What is clear is that the plot just thickened. Not only does Sacramento now have a long-awaited counter-strike to go with the promise from commissioner David Stern that Johnson would pitch the Board of Governors, but another Maloof enemy is officially in the mix. The family may not have the same distaste for Burkle as for Johnson, but Burkle is pretty high up the list.

Johnson announced that Mastrov, who made a serious run at buying the Warriors before Joe Lacob and Peter Guber won the bidding, would submit his bid to the league office on Friday. The Board of Governors will meet April 18-19 in New York to decide the future of the franchise. If the sale to the Seattle group led by Chris Hansen and Steve Ballmer is approved, the Sacramento efforts are moot.

“We never give up, we never give in, we never say never,” Johnson told the crowd at his address. “That is who we are. So, with all due respect to Seattle, and I absolutely do wish them well, and I do hope they get a team some day… let me be perfectly clear. I said let me perfectly crystal clear. It is not going to be this team. Not our team. No way.”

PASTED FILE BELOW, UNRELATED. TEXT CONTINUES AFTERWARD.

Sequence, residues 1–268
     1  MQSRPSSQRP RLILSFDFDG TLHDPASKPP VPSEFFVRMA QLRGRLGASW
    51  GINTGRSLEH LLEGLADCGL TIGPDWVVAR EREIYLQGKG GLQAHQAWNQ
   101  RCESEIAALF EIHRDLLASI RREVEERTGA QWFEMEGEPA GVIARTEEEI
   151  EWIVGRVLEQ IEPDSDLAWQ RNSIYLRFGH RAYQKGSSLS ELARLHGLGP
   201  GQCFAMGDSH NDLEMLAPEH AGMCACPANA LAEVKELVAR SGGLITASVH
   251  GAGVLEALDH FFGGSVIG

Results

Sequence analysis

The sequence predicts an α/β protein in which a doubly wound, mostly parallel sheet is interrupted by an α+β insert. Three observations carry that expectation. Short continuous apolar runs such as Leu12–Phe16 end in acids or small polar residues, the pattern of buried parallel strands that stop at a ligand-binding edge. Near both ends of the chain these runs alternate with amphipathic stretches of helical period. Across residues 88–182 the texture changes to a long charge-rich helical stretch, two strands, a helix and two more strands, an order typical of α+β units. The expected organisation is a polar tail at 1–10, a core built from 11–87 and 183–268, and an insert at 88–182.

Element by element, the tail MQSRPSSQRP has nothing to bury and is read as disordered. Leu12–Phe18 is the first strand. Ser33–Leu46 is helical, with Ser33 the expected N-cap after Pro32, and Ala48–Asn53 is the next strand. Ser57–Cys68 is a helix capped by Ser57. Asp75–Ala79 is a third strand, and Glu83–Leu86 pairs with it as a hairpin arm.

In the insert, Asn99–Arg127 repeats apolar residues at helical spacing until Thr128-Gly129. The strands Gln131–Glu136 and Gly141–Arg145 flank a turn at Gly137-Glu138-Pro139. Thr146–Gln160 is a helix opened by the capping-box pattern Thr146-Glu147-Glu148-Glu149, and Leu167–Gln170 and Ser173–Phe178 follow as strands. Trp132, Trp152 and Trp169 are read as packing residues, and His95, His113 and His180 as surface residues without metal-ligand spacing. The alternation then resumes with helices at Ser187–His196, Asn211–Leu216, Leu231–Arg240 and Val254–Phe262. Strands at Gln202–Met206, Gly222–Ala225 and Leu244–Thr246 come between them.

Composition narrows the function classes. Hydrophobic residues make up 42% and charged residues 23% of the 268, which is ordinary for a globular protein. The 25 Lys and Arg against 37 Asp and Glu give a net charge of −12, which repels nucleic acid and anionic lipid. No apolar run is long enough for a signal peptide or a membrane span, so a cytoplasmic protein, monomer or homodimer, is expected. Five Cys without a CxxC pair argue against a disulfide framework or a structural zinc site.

The audience erupted in cheers and a chant of “Sac-ra-men-to!”

“We have done and will continue to do whatever it takes to keep our team in Sacramento,” the mayor said.

When Johnson announced Jan. 22 he had 19 investors at $1 million each, with another to follow, the former All-Star point guard said he hoped to reveal the big-money backing within about two weeks. The delay then turned into more than a month, with the additional update Thursday that former Kings star Mitch Richmond was one of the 20.

Putting himself on the clock was a tactical error that should have been easy to avoid, but KJ incurred no actual damage. Seattle had a strong deal — and pending litigation the NBA doesn’t consider much of a threat — and Sacramento needed to send a message to owners around the league that it was organized and could be counted on to deliver.

But once All-Star weekend came and went without an official response to the Seattle purchase agreement with the Maloofs, the missed opportunities started to count. Johnson was in Houston to press Sacramento’s case — lobbying the Board of Governors to vote against the attractive Seattle package has always been the biggest challenge for the mayor — except that he didn’t have anything to press with.

Minus an accompanying plan in hand, Johnson was basically telling league power brokers that Sacramento and the NBA have been good for each other. Everyone already knew that. KJ is a charismatic salesman with credibility in front of the Board of Governors. Everyone already knew that too.

League executives and owners left All-Star weekend unmoved by anything Johnson had to say, insiders report, or anywhere close to gauging Sacramento’s chances of an upset because they had not seen a proposal. That will change in the wake of Thursday’s announcement by the mayor and the expectation that the official notice will be delivered Friday.